The 55% of South Dakotans who made Initiated Measure 18 law this week disagree with Governor Dennis Daugaard's belief that we should not have a minimum wage and should instead live like Okies in The Grapes of Wrath. I will wager that sizable portion of those who voted against increasing South Dakota's minimum wage to an annually indexed $8.50 per hour agree we ought to have a minimum wage but disagree on the numbers.

Before Governor Daugaard and Republican legislators think of repealing the will of the popular majority, they should look at this map. So, perhaps, should wage earners looking for communities in South Dakota where the general public appears to believe in fair wages.

  • Red counties mustered less than 40% support for the minimum-wage increase. The reddest county was Douglas (Venhuizen country!), giving IM 18 only a 34.35% Yes vote.
  • Pink counties gave IM 18 40%–50%
  • Green counties fielded majorities for IM 18. The palest green (e.g., Lake, Lincoln, Pennington) counties approved IM 18, but by less than the statewide 55.05%.
  • The darker greens break at 60% and 70%.
  • The strongest support for IM 18 came in Shannon/Oglala Lakota County, which gave the minimum-wage hike more than 90% support.

The strongest opposition to a higher minimum wage arose where people aren't. The 31 counties that turned down IM 18 include only 19% of the state's population. Rank the counties by population, count the top half, and you find 56.4% support for IM 18. In the bottom half, support was 46.5%.

Now I don't have the data broken down by Legislative districts (and boy, if someone has a Google Fusion Table for South Dakota Legislative districts, let me know!), but I see two interesting county-level correlations that might inspire Republican legislators to roll the dice on repealing IM 18.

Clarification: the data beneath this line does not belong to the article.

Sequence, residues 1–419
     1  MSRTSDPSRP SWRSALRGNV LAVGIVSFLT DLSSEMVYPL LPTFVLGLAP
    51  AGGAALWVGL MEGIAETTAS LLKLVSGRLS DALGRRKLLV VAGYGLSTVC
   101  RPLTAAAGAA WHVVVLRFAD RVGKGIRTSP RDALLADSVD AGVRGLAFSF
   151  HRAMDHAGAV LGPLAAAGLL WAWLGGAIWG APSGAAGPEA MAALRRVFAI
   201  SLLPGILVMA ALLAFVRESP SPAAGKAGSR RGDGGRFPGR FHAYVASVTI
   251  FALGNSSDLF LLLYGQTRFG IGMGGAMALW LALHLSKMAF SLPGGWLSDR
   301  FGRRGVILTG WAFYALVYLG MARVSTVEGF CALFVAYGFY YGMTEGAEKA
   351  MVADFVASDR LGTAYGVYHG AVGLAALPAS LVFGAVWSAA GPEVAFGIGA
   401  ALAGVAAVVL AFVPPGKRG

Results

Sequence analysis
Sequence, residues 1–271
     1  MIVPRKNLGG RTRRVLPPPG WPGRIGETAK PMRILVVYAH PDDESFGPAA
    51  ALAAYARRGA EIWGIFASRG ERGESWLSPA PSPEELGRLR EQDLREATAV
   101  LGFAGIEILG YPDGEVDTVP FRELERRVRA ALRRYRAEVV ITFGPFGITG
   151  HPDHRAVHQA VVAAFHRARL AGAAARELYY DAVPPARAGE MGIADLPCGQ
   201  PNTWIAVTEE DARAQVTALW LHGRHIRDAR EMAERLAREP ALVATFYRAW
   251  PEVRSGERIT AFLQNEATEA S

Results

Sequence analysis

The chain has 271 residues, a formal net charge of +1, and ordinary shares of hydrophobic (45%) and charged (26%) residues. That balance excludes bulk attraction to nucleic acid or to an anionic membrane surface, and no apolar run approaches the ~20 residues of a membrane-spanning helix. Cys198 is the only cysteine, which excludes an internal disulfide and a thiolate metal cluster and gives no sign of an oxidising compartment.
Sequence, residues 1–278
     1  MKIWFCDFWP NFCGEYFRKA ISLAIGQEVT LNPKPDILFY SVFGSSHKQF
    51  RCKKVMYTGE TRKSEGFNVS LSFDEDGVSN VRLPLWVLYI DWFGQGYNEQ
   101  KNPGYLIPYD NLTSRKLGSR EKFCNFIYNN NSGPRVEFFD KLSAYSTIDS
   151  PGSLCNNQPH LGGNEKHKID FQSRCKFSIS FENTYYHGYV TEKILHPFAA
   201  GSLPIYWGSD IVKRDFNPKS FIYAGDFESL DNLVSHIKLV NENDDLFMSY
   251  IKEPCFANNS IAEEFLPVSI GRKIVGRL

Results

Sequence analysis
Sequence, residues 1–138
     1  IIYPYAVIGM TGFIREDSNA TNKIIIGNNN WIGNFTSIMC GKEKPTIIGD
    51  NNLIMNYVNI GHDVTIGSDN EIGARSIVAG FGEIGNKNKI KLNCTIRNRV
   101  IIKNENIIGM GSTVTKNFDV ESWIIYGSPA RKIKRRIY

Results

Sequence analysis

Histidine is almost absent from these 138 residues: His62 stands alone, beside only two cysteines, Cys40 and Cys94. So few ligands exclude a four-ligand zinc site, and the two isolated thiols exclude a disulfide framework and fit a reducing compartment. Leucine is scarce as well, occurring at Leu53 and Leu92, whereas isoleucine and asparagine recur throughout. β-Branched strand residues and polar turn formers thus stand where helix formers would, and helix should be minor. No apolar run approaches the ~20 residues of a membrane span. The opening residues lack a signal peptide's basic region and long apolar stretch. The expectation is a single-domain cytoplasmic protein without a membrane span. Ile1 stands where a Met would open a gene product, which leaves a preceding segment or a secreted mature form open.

First, support for IM 18 and voter turnout by county have a noticeably negative correlation (–0.6148). Where more voters participated, IM 18 had less support. That suggests (again, I'm looking at counties, not districts) that legislators who dare to repeal IM 18 could study their constituencies, find pockets of high turnout and high IM 18 opposition, and turn those folks out in 2016 to cover their anti-democratic keesters.

Second, let's look at a big-D correlation. The best proxy I have for Democratic support for IM 18 is the Kristi Noem–Corinna Robinson race, the only statewide GOP–Dem mano a mano (womano a womano? mujer a mujer?) test. The correlation between Yes on IM 18 and Robinson votes by county is remarkably strong (+0.8966). The places where legislators would torque their constituencies off most by repealing IM 18 already have more Dems, and a Republican legislator reveling in his party's smug sense of invincibility might just say screw 'em!

Not that I recommend my Republican friends take these numbers as an excuse to repeal Initiated Measure 18. 55% of South Dakotans just passed a law. Legislators, you should respect that law.

And workers, if you're looking for folks inclined to pay better wages, don't apply in Armour!